TextPad appeared great until I saw the ancient HTML tags support...
9th October 2004 · Last updated: 5th October 2016
I installed the trial version of TextPad. It offers a long list of useful features for writing text and program code. These include comparing two files, a macro recorder, various text conversion effects and much, much more. So I was keen to give it a go.
The program offers a list of predefined HTML tags you can easily insert into a web page you're writing. Great, I thought, until I saw it was stuck in the Nineties. The tags include deprecated ones like
<font>. OK, I can live with that, but my jaw dropped when I saw the default text set up to create a new web page:
Yes, that's HTML 3.2! It even has the wrong version of TextPad in the
<meta> tag - mine is 4.7.3.
Thinking this could be changed quickly, I headed for the Preferences menu. I could find absolutely no mention of XHTML at all. TextPad simply does not create XHTML pages by default, nor can you make it via a menu option. It's as if anything from HTML 4 onwards never happened. XHTML isn't even listed in the Help topics.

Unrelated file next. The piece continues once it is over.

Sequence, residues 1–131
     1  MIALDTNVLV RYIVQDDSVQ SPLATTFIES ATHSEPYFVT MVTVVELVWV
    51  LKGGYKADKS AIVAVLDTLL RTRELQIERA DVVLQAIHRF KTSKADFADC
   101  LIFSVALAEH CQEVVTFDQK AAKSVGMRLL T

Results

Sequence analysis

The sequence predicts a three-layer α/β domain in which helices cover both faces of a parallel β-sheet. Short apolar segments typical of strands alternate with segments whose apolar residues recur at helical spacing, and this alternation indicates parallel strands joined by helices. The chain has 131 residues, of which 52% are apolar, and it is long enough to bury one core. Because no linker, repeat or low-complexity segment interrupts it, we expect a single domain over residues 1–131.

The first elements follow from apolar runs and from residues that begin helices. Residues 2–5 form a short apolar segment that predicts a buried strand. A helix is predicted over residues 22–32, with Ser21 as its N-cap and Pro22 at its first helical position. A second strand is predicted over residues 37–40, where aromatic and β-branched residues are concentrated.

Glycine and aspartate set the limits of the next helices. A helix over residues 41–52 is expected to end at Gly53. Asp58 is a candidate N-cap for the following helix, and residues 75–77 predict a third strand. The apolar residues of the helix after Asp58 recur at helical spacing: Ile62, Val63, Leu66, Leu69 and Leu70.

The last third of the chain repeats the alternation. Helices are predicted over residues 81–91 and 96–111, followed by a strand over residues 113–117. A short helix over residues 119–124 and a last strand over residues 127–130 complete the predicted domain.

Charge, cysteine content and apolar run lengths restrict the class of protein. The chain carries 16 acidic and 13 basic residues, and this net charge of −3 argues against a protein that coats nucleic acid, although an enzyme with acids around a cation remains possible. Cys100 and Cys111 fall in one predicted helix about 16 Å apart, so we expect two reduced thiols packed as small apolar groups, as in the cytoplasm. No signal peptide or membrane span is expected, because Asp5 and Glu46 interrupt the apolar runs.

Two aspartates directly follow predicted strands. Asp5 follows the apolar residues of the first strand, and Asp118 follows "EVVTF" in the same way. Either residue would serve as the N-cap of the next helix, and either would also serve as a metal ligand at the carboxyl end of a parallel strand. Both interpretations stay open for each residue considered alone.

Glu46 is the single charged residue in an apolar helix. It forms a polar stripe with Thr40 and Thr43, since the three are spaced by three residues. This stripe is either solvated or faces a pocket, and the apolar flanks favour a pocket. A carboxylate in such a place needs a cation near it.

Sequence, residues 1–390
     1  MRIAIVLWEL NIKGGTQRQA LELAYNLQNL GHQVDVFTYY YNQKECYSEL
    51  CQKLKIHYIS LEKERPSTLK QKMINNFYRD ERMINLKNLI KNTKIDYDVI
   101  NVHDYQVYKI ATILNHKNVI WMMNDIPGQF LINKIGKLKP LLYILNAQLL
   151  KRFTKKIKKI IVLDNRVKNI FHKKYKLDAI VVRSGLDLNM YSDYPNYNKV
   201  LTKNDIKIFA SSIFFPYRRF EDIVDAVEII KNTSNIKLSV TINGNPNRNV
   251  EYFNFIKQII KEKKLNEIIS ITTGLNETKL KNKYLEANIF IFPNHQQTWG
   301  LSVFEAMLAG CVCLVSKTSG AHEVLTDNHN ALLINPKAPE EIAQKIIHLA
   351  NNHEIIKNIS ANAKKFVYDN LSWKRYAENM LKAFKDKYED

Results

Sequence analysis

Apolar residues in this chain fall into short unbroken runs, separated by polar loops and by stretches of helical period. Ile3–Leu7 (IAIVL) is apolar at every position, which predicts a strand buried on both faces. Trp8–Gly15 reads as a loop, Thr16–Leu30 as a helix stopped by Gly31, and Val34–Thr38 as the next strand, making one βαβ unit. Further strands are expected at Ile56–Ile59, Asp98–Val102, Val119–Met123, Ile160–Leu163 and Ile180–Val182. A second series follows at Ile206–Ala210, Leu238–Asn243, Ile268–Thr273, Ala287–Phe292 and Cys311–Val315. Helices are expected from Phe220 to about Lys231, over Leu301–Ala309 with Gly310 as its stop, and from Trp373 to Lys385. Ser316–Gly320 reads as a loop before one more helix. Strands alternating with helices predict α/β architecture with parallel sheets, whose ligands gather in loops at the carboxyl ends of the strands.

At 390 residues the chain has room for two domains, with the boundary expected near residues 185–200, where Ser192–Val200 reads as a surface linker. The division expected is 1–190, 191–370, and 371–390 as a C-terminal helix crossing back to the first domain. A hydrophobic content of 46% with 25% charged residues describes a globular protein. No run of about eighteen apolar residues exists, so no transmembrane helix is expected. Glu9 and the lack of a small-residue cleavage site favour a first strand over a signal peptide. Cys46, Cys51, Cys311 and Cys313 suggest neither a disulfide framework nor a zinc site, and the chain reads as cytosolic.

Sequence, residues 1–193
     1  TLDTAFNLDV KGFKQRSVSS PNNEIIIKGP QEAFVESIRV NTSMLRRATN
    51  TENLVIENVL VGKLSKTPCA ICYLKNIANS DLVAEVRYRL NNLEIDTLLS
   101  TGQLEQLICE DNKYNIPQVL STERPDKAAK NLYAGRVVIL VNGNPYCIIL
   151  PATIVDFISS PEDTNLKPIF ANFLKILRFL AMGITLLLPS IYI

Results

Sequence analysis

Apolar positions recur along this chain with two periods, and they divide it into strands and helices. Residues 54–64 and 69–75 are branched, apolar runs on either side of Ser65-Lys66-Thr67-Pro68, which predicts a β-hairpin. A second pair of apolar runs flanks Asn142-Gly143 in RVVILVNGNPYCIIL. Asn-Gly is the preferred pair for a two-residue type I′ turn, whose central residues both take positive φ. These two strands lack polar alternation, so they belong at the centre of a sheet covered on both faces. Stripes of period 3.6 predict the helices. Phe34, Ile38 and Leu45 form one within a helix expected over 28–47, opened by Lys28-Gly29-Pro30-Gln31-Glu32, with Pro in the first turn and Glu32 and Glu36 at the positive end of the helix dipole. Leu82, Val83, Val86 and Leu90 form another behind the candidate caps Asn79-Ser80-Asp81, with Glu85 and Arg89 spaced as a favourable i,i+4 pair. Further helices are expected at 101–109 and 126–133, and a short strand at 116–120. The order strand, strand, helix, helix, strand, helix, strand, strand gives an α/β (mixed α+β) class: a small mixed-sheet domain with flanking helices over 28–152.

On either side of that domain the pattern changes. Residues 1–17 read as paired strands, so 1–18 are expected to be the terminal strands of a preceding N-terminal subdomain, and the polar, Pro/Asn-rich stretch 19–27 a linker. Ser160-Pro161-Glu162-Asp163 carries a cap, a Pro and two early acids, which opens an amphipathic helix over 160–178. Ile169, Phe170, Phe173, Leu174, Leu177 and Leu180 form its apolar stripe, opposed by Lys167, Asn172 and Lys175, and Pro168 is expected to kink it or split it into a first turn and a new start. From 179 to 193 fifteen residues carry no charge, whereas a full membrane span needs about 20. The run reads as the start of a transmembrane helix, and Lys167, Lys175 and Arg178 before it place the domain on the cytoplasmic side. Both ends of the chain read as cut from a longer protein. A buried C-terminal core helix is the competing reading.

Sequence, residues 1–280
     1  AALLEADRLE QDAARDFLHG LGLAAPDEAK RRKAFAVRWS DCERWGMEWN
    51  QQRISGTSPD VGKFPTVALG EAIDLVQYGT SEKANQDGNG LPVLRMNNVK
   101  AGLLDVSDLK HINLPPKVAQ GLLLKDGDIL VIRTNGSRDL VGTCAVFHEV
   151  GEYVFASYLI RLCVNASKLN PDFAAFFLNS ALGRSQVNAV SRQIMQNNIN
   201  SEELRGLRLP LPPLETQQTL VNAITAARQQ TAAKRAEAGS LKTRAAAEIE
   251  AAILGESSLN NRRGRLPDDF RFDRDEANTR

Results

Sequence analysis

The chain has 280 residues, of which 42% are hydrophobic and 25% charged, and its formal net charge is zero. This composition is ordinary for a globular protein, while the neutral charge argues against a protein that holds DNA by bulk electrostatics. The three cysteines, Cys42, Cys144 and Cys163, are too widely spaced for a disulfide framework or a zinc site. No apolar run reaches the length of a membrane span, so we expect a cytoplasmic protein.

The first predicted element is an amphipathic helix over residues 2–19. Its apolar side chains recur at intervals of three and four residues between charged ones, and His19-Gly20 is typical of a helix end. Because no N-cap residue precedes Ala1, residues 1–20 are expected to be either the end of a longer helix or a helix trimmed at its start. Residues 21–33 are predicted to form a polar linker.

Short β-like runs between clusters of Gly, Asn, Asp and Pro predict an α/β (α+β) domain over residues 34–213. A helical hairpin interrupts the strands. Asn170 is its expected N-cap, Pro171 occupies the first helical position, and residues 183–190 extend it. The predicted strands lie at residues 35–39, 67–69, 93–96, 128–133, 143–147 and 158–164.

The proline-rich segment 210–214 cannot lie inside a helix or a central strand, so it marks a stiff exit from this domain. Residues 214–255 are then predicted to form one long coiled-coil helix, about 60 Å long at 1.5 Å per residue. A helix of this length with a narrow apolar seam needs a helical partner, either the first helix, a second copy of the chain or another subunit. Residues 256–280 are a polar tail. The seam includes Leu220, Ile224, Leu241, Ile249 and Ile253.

Of course you can use TextPad to write XHTML - but you'll have to type it in by hand, or change the default tags. These all insert uppercase tags, so it'll be quite an effort to change them all if you want lowercase. The program also insists on adding linebreaks inside block-level tags, so your text is on a separate line in the middle. Yeuch.
Here's what it shows if you insert a horizontal rule:
<HR ALIGN="center" WIDTH="100%">. No thanks, I prefer
One saving grace in Texpad is the ability to record macros. These could be used to insert code like
<blockquote><p></p></blockquote> when writing XHTML Strict. I tried it and it worked quite well. Macros could also be used for many repetitive tasks you do when creating or editing files. It remembers what you type and where the cursor moves to.
Overall, there are some excellent features in this program. I will decide within the 30-day trial period whether or not to purchase it, or stick with Notepad2, my current text editor. Perhaps I'll use both. But next I think I will explore their support forum and see if anyone has anything to say about the missing support for XHTML. Nobody should be using or promoting HTML 3.2 thesedays.
Comments are locked on this topic. Thanks to everyone who posted a comment.
There's a number of other text editors out there, that might do the job. One that seems to work surprisingly well is PSPad, http://www.pspad.com.
Posted on 11 October 2004 at 3:49 pm ¶
...Of course you can use TextPad to write XHTML - but you'll have to type it in by hand, or change the default tags...
Or you may download the clip libraries from their site and replace the old default clip libraries with those you need (and even build your own - it's quite easy).
Be sure to check also the syntax definition files.
Not sure it supports Unicode, though.
Posted on 23 October 2004 at 11:27 pm ¶